Historic Wildlife Census in Kenya

Historic Wildlife Census in Kenya

It was a most delightful sight- helicopters, planes, 4x4s, and boats were all deployed to capture the great exciting moment. There were hundreds of camera traps and an array of dung studied all across the vast Kenyan land. The satellite collars also monitored the exercise as Kenya embarked on its first-ever national census of wildlife. The great census that covered the length and breadth of the country's 58 national parks, national reserves, private and community conservancies was supposed to come to an end by 31st July 2021. The census would cost the government of Kenya a whopping 250 million shillings (£1.6m). The great census would include a counting exercise that would take in thousands of marine and terrestrial mammals. It would also include the counting of ostriches, kori bustards, and other endangered primates. The results of the census were due in August 2021.

Why did the government decide to embark on such a complex undertaking? Well, the main objective was to try and establish a baseline of wildlife distribution and status. The government also sought to create a basis that would generally inform the policy direction. To this end, Kenya's tourism and wildlife cabinet secretary, Mr. Najib Balala, announced that this census would help the government formulate modern strategies to conserve and manage the country's wildlife effectively. At the same time, the exercise would help the government monitor the distribution and numbers of some rare, threatened animal species. Among these are green hawksbill turtles and pangolins. The CS noted that these animal species are daily dwindling in numbers as a result of intense poaching.

Kenya, an East African country, is world-famous, not only for its graceful athletes but also for hosting an impressive variety of animal resources. Think of the Hirola antelope that inhabits Kenya's Tsavo East National park. Experts recognize Hirola as a rare antelope species; indeed, Hirola is listed on the IUCN's 'critically endangered species list. While Kenya has previously conducted some kind of a targeted census for various endangered animals (including rhinos and elephants), the government admits there has been little monitoring of many other rare, endangered, and threatened wildlife species. The government admits that "the numbers and range of these endangered creatures have declined significantly in the last three decades." Some of the most endangered animals include rare antelope species like the sable, the mountain bongo, and the hirola. As noted, the last two species are actually recognized as critically endangered by the monitoring International Union for Conservation of Nature. According to the government brief, some key Kenyan wildlife landscapes have experienced unique challenges touching on land tenure and its use, the climate crisis, and drought. The government says such factors are "likely to impact negatively on the existing wildlife population. This is precisely why the government believes it's crucial to undertake the national survey.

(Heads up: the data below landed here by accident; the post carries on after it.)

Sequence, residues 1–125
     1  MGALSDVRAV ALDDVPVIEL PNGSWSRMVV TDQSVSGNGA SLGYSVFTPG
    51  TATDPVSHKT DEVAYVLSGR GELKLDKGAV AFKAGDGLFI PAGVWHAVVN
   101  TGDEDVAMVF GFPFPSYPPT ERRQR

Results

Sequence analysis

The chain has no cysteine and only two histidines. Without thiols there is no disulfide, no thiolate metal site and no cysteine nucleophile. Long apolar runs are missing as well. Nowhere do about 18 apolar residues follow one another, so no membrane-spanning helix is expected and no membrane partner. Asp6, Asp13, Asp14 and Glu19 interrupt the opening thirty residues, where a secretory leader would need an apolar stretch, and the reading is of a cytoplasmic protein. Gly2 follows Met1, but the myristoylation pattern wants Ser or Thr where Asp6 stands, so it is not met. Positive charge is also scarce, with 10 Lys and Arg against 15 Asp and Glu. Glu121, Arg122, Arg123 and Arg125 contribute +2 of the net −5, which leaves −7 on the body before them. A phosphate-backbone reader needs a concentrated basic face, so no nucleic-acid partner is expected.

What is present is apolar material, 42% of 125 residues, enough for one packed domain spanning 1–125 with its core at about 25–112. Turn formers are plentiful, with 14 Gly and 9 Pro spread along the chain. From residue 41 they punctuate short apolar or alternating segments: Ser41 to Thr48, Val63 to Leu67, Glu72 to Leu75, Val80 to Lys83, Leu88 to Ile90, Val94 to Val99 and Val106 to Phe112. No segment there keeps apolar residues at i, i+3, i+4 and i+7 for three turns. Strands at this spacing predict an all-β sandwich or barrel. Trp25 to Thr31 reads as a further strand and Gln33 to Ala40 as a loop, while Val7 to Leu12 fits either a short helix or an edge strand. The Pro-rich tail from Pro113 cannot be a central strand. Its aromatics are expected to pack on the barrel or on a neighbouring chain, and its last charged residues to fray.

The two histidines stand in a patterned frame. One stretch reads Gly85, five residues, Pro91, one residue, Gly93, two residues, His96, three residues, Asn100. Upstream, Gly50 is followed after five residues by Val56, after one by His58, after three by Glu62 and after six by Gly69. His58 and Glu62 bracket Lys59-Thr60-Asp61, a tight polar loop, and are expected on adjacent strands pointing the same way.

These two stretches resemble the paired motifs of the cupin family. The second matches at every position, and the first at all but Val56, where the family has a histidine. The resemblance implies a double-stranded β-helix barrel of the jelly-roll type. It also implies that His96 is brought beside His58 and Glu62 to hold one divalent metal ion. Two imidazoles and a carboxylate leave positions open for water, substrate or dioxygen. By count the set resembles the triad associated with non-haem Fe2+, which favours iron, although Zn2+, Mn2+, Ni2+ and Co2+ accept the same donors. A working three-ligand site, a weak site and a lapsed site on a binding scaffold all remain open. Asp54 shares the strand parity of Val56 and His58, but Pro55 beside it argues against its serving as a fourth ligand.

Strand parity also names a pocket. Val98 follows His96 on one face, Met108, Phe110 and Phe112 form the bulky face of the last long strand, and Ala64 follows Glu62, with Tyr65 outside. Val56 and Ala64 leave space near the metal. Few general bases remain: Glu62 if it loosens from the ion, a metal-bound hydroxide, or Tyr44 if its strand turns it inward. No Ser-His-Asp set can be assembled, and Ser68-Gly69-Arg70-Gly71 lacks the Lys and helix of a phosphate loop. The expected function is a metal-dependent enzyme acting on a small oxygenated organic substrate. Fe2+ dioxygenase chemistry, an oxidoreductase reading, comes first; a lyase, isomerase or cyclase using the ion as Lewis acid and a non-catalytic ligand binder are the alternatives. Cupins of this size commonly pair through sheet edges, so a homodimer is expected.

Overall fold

"The exercise will help us understand the wildlife population trends; it will also help us know if a given area has the capacity to carry particular animals. Moreover, we'll better understand the effects of climate change on the existing wildlife population; we'll understand what effect the increase in human population has on wildlife conservation and similar factors," Mr. Balala said. The CS concluded that the wildlife census would help mitigate the rising cases of human-wildlife conflicts. This would reduce the ever-increasing compensation bill; currently, the compensation bill stands at about Kenya shillings 14 billion.

During the extensive census, the government used various methods, including ground and aerial techniques, to count all the larger mammals in the open savannah. The same approach was used to count mammals in arid and semi-arid areas. The team used camera traps and dung counts in various forested ecosystems. Way back in 2013, the government conducted an aerial count in the Amboseli national park region. However, the current national wildlife census will mark the first time the government is collecting coordinated data from all of Kenya's parks. The acting director of the Wildlife Research Training Institute, Dr. Patrick Omondi, said the government of Kenya was using "internationally recognized peer-review methods" to come up with accurate data from this census."

The director said that "deployment of personnel and needed equipment generally depends on the conservation area's size." "For example," he continued: "The government deployed a team of 13 and 50 aircraft; these were both fixed and helicopters- these were deployed in Kenya's largest Tsavo ecosystem. We also used other methods, including satellite collars, to monitor migratory animals; this is especially useful to prevent double counts. Further, we used aerial voice recorders to analyze the presence of a specific group of animals in a given area."